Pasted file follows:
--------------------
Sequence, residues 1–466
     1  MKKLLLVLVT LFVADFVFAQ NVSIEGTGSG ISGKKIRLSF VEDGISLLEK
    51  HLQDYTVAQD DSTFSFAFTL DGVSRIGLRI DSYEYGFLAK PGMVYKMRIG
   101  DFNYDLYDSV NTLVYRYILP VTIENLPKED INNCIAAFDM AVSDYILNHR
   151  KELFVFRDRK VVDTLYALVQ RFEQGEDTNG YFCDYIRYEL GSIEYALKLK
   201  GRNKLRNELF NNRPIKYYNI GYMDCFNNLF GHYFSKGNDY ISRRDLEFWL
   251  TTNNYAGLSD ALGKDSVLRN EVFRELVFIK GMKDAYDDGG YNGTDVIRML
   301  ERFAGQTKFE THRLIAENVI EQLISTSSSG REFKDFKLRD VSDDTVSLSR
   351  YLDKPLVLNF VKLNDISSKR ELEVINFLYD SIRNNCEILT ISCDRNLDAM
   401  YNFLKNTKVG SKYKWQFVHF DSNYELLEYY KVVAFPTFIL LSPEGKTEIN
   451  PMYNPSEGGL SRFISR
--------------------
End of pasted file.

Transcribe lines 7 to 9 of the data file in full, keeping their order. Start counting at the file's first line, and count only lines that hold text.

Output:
   251  TTNNYAGLSD ALGKDSVLRN EVFRELVFIK GMKDAYDDGG YNGTDVIRML
   301  ERFAGQTKFE THRLIAENVI EQLISTSSSG REFKDFKLRD VSDDTVSLSR
   351  YLDKPLVLNF VKLNDISSKR ELEVINFLYD SIRNNCEILT ISCDRNLDAM